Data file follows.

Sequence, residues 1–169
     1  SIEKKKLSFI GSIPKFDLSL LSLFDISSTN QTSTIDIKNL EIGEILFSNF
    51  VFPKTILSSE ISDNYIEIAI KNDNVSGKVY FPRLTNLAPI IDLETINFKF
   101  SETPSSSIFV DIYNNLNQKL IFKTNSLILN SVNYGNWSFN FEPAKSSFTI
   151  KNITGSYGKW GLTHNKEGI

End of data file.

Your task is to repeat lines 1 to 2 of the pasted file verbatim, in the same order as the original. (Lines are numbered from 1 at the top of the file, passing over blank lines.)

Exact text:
Sequence, residues 1–169
     1  SIEKKKLSFI GSIPKFDLSL LSLFDISSTN QTSTIDIKNL EIGEILFSNF